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Rick Wilkes
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Anigrand resin 1/72d North American AJ-2 Savage

July 28, 2013 · in Aviation · · 12 · 4.6K

Another recent escapee from my "shelf of doom" is this 1/72d scale AJ-2 .

I picked up this kit at the last IPMS/USA National in Columbus Ohio and worked on it off and on till last month when I decided to finish it up. There were no major problems encountered in construction other than the usual pin holes, etc associated with resin kits. The canopy is clear resin and has been dipped multiple times in Future but there were some embedded impurities that I couldn't fix. The kit also included metal landing gear which given the amount of weight it took to balance it on the nose wheel is a very good thing.

The subject; "Cho Cho" of VC-6 was lost in August 1954 when the tail hook broke while landing on the USS Yorktown (CV-10). From the pictures on the reference CD provided with the kit, it appears that "Cho Cho" was factory fresh without any chipping or even exhaust stains, hence the "pristine" look of my build. I noted that no corroguard was applied to the leading edges of the wings etc. so that was a bonus as well keeping things simple. I did cheat on the nav lights on the wing tips, as I didn't graft in clear domes on the outboard sides of the tip tanks, my fun meter was already pegged at that point.

The main markings are from two extra AJ-2 decal sheets done for Nostalgic Plastic which I got at the same time as the kit. They laid down nicely over Testors Gloss Sea Blue and any silvering was cured with an dose of Solvaset. The stencils are from a Verlinden 1/72d dry transfer set and other than the "No Step" markings around the wing walks are my approximations of the stencils seen in photographs to add some interest to an otherwise monotone finish. The final finish is a coat of Alclad light sheen clear coat. This was a big airplane, almost as big as the A3D Skywarrior that replaced it. I included a photo with a 1/72d F-4 Phantom II for scale and also a photo including a 1/72d scale Mk 6 shape. It's worth noting that the smallest USAF aircraft that could carry the Mk 6 was the B-29.

Reader reactions:
8  Awesome

5 additional images. Click to enlarge.

12 responses

  1. Great job on an rarely seen aircraft (at least I don't recall seeing one). I especially liked your "fun meter" being pegged comment - 🙂

  2. A good save from "The Shelf of Doom"
    I still don't understand how the bomb goes inside it.

  3. Looks great ! Reminds me of the Neptune.

  4. Rick,
    Very, very nicely done. You did. Great job on a great looking airplane.

  5. Rick, this is a nice looking model of an unusual prototype, your notes are good too!

  6. You must have had an entire different kit from an entire different company if you had "no major problems," Rick. I did one of these for a customer about 10 years ago, and I would guess it was 15% putty by weight when it was finally ready to paint. It became my first and last Mach 2 kit.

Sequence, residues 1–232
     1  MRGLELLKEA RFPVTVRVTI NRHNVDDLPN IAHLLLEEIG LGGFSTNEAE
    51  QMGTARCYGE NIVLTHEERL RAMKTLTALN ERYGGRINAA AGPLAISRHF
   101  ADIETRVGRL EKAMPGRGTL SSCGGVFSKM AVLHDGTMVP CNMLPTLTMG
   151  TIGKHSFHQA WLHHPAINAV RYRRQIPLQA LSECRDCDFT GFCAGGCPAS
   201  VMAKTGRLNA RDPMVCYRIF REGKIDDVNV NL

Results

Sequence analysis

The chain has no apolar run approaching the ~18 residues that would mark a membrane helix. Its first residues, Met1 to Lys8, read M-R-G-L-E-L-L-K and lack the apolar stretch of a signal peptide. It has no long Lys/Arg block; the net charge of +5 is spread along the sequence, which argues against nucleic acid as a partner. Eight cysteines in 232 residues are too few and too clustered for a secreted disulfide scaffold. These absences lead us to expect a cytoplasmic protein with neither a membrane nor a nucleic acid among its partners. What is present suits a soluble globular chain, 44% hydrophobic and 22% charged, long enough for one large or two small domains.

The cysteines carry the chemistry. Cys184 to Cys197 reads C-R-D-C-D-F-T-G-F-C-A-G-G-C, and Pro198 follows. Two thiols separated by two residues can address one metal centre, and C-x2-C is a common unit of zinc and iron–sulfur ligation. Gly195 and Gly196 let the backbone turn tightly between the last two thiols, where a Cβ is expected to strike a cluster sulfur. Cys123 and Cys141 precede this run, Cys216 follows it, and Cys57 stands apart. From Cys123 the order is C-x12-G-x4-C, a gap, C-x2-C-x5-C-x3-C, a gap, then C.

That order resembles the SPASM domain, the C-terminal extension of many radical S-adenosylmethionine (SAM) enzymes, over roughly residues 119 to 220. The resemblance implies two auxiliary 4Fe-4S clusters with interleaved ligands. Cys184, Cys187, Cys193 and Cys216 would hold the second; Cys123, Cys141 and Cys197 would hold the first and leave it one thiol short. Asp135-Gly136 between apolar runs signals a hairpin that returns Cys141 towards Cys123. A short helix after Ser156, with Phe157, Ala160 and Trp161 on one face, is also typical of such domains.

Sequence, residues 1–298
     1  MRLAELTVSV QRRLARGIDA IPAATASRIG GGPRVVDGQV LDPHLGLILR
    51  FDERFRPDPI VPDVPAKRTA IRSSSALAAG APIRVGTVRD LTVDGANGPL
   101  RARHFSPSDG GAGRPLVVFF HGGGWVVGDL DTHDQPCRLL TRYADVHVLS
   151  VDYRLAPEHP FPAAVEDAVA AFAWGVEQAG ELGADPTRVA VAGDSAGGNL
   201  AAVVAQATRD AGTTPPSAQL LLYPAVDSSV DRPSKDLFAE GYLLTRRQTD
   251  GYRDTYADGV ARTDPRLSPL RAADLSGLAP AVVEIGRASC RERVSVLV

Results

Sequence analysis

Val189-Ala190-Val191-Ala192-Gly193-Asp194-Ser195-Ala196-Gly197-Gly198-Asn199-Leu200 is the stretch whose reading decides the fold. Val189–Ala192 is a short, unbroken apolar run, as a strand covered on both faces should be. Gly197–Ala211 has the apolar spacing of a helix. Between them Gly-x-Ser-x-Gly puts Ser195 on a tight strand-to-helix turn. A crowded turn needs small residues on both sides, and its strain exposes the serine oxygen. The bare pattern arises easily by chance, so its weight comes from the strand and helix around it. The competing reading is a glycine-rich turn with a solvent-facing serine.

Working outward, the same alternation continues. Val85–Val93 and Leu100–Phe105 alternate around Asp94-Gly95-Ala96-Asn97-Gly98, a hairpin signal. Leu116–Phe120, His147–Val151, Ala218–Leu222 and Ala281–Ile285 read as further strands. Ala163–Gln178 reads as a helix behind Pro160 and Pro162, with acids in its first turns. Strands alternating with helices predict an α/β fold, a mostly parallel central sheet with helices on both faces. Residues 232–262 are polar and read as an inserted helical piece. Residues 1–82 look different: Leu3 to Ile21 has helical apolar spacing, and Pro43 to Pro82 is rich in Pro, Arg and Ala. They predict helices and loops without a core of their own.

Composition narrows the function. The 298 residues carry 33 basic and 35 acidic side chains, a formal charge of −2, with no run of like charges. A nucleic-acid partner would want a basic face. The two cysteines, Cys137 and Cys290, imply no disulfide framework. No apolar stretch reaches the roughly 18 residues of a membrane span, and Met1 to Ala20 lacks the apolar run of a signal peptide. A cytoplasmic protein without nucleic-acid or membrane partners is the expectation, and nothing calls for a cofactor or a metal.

You've really created an excellent result with this pig of a kit. All congratulations to you.

  7. Very nice build, Rick To me, this was even more interesting because I know little about this aircraft, having only seen a few pics & references to this one before now.

    • Thanks Jeffry, it is an interesting aircraft. Besides being most the Navy's nuclear strike force, from very early on they could be configured as a tanker using a removable self contained fuel tank, hose reel and drogue system that fit into the bomb bay.

      Overall I find '50's Navy jets and the transition from propeller driven aircraft operating off of "straight decks" to "angled deck" carriers operating jets with performance comparable to anything in the USAF. Fortunately the Royal Navy pioneered most of the architecture nesscary to safely operate jets onboard ship. Much like the main guns on our tanks, the 105 from the Brits and the 120 from the Germans.

  8. Awesome build of a very cool airplane, Rick. The Savage has been on my 1/48th injection plastic must-have list for years. I know Anigrand kits can be a challenge, but despite that you did a superb job. Very nice.



    • Hi Scott, thanks for the kind words. I’ve built several Anigrand kits and haven’t found them particularly difficult. Definitely not for the novice resin kit builder, but not requiring master class skills either. The only 1/48 scale Savage I know of is the long out of production Collect-Air kit which seems to be worth it’s weight in gold if you can find one.

      If you want a Savage I’d recommend you go with the Anigrand kit, and hope the perhaps Kitty Hawk, given its current ‘50’s NavAir bent, will produce an AJ-2. Hopefully if they do, they put their A Team on the tooling.

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